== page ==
Egypt’s foreign reserves rose slightly last month, central bank data showed on Sunday, their first gain since a popular uprising unseated the country’s autocratic leader and sent the economy into a tailspin.
The central bank has spent heavily to support Egypt’s currency through the political turmoil since Hosni Mubarak’s overthrow in February 2011, which prompted foreign investors to scurry for the exit and hammered tourism.
Foreign reserves - which stood at $36 billion in December 2010 and fell every month since the uprising began - edged up to $15.21 billion at the end of April from $15.12 billion at the end of March, the bank said.
Some economists are expecting a sharp drop in the pound as reserves appear close to danger level and long-awaited help from foreign donors including the International Monetary Fund has been repeatedly delayed.
Few are willing to rule out a devaluation for now and foreign participation in Egypt’s stock market remains small, but a partial recovery in tourism and a tendency for Egyptians to keep bank deposits in local currency are positive signs.
“We are less worried about the decline in reserves than the markets seem to be,” Renaissance Capital said in a recent research note. “We still see a lower probability of devaluation or depreciation in the short term.”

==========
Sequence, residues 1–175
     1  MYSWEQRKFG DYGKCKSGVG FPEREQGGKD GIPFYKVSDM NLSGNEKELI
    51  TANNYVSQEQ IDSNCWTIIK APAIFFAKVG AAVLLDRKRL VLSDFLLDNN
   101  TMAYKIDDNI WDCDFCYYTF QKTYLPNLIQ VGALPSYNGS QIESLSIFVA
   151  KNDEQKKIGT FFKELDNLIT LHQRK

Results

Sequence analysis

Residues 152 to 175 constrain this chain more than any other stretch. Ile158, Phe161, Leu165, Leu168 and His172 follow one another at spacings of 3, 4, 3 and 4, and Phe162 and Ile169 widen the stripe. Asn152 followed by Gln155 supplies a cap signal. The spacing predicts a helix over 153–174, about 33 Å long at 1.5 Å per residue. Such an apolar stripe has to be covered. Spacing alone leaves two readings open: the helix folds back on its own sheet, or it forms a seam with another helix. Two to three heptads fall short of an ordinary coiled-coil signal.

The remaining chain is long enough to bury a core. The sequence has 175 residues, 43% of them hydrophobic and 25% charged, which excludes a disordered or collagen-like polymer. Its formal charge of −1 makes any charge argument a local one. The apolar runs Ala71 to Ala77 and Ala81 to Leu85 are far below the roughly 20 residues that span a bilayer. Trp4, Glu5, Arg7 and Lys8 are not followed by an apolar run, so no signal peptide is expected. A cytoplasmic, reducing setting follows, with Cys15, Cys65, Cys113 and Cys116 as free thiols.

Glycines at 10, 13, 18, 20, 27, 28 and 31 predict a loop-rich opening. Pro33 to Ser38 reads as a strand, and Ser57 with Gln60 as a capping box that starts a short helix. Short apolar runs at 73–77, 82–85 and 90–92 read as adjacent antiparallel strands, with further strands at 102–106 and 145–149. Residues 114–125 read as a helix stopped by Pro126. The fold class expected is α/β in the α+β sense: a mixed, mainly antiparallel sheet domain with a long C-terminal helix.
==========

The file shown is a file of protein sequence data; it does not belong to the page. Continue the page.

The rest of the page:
It said it still expected Egypt to seal a long-delayed $3.2 billion loan from the IMF and reserves could also be helped by incoming foreign investment such as France Telecom’s planned purchase of Mobinil shares.
Saudi Arabia’s ambassador was returned to Cairo on Sunday after a rare diplomatic row between the allies, caused by the arrest of an Egyptial lawyer in the kingdom. The ambassador confirmed the oil-rich Gulf state would this month provide financial assistance to Egypt that it has been promising for a year.
Egypt’s economic challenges remain daunting.
Street clashes in Cairo have overshadowed the build-up to a presidential election that would be the climax in a transition from military to civilian rule.
The army-backed interim government is at loggerheads with an Islamist-dominated parliament, making it hard to formulate coherent policies to tackle Egypt’s economic woes.
And whoever comes to power in July after the election will face little alternative to hugely unpopular taxes and cuts in government spending to reduce budget and balance of payments deficits inflated by a year of political and economic turmoil.